Another thing to bear in mind is that there is a chance there is nothing wrong with the failed drive; if you have a USB/SATA adapter you should be able to plug this drive in and view the data(and run diagnostics on the drive), potentially giving you the backup in case converting to non-RAID on your motherboard does do more than wipe the metadata.


            Is the replacement drive the same size or bigger than the original drive; if the drive is smaller(even by a few bytes) then it will not be suitable for rebuilding the RAID.


            The fact the RAID says failed is concerning; I just tested this to remind myself of the status messages and if I pull a drive from a RAID 1 array it should say degraded rather than failed, which might mean there could be a problem with both original drives, it could also mean that the problem is not with the drives at all, might be worth changing the sata cables and ports if you have spare.


            Hope this helps!



            1 of 1 people found this helpful
            • 3. Re: RAID1 problem

              Hmmm, well I can't simply turn off RAID in BIOS, because windows is installed on a RAID5 array.


              Is it strange that in windows' disk management it says that both drives are unalocated and "Not initialized"?


              Maybe I can try switching ports However I am not sure that ports are the problem. The moment that drive at port 5 failed, I noticed that it was making strange noises that I never heard before.


              I think I will try to reset the drive to non-RAID and see what happens. I am curious what happens if I put it in a USB adapter though. Maybe Ill try that first. I will post my findings later on.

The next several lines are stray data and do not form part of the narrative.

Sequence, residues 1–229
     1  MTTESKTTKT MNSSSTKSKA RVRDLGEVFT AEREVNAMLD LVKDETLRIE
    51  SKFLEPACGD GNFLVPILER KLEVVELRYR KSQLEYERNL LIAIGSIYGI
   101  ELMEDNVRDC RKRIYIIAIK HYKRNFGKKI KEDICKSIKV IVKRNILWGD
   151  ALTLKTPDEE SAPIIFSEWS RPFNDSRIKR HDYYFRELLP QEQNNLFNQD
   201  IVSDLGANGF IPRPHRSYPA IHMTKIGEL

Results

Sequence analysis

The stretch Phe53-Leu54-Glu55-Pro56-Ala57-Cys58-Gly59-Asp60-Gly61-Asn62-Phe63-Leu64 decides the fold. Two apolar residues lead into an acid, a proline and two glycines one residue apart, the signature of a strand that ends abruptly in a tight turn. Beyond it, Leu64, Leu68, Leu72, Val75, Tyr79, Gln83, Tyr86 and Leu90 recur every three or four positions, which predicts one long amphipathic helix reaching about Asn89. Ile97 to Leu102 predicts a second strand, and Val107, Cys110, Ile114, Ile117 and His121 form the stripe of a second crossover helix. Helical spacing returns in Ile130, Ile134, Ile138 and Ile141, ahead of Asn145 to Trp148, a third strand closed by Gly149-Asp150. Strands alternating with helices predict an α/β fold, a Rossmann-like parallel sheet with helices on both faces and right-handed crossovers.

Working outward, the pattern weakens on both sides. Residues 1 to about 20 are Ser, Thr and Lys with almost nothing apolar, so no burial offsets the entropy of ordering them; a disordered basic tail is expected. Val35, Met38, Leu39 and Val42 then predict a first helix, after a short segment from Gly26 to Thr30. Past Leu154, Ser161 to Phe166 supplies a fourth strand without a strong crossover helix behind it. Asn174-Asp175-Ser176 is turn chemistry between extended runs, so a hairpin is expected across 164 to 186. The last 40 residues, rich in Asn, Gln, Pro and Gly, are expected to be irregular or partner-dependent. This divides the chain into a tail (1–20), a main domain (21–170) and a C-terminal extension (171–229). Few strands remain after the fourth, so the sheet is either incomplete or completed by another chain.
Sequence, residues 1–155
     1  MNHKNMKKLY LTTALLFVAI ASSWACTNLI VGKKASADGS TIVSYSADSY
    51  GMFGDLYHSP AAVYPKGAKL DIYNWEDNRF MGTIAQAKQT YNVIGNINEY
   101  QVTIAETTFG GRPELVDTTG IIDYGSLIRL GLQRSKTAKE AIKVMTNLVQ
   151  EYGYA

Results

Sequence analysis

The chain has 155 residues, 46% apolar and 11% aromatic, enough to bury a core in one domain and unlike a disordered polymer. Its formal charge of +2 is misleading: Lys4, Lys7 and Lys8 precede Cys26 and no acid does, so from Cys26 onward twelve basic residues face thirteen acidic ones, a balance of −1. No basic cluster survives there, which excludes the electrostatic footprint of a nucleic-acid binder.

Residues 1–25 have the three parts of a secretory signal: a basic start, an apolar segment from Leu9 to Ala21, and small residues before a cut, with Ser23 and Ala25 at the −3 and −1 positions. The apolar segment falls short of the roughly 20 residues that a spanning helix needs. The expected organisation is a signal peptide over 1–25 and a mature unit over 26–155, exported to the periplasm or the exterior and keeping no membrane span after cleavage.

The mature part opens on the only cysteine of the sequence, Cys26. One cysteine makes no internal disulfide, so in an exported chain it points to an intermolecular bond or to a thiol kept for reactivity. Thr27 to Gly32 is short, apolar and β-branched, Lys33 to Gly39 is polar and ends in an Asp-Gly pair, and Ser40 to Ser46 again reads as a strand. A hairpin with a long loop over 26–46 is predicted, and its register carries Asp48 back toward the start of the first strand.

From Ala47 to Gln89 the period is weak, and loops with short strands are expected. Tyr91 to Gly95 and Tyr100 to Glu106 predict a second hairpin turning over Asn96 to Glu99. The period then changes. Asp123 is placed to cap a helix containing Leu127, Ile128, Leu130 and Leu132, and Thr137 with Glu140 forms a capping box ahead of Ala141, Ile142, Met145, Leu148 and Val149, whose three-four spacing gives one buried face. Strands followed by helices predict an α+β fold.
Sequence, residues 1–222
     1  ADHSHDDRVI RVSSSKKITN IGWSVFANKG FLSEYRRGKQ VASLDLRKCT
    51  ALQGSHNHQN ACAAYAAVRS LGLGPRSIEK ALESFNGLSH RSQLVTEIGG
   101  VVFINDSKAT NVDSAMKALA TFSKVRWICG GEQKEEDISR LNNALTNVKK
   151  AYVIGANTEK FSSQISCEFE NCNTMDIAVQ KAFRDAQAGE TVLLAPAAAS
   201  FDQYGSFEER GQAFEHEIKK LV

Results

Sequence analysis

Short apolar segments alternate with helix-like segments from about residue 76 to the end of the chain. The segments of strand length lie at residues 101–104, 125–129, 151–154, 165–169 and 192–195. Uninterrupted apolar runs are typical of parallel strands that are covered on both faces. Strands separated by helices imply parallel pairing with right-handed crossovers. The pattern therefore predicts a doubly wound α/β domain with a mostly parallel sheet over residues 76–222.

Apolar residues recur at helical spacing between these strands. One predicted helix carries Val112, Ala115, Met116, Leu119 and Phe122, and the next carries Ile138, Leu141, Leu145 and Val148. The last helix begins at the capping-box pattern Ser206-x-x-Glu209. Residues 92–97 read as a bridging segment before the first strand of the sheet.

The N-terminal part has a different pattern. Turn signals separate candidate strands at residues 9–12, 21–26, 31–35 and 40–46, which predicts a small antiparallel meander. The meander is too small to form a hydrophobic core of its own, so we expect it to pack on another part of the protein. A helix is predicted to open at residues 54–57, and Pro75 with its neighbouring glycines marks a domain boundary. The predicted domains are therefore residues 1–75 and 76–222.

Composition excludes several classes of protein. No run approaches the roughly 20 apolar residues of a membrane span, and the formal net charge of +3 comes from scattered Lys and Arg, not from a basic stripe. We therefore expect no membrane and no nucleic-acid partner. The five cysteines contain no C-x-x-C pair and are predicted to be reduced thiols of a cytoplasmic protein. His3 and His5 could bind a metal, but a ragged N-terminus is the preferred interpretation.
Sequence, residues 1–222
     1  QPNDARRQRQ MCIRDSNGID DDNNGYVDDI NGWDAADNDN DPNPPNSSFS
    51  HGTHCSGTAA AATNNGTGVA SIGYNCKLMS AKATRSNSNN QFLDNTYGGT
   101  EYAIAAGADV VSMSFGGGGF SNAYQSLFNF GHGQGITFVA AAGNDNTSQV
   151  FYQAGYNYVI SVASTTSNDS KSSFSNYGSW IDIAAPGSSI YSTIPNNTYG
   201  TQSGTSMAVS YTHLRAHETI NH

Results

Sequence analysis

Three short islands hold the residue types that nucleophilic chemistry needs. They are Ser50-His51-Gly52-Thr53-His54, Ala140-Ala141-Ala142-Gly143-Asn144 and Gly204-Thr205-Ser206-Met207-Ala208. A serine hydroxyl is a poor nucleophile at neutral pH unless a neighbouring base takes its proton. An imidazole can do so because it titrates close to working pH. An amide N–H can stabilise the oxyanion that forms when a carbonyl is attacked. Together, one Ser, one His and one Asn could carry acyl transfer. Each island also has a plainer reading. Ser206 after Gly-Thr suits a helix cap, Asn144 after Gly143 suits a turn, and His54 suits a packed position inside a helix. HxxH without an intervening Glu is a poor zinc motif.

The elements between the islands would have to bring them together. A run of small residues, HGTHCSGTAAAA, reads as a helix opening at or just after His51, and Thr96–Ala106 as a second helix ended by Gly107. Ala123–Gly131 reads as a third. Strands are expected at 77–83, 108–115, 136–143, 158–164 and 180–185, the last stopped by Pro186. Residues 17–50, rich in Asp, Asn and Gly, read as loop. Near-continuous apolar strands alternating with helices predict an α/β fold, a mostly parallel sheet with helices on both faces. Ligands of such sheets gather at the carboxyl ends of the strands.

Thanks a lot!! 

              • 4. Re: RAID1 problem

                Check out Intel rapid storage technology.

                RST user interface presents spare disks in configuration volume page ... !

                • 5. Re: RAID1 problem

                  Hmm not sure what I could do with that? What are you exactly aiming at?


                  BTW I plugged the "good" disk in a different SATA port that is not able to use RAID and, fortunately, I was able to access my data!!

                  All I gotta do is make sure I make a good backup and then I will try to put the good disk back to its original port and to reset it to non-RAID, in order to recreate my RAID1 array based on the good disk.

                  • 6. Re: RAID1 problem

                    To manage the arrays of disks. Supports spare disks and it's the new advanced version of matrix storage software.

                    Take a look to the overview..!


                    1 of 1 people found this helpful
                    • 7. Re: RAID1 problem

                      I installed the new software and reseted the good disk to non-RAID. Then I created a new RAID1 disk based on the good one and now all is well!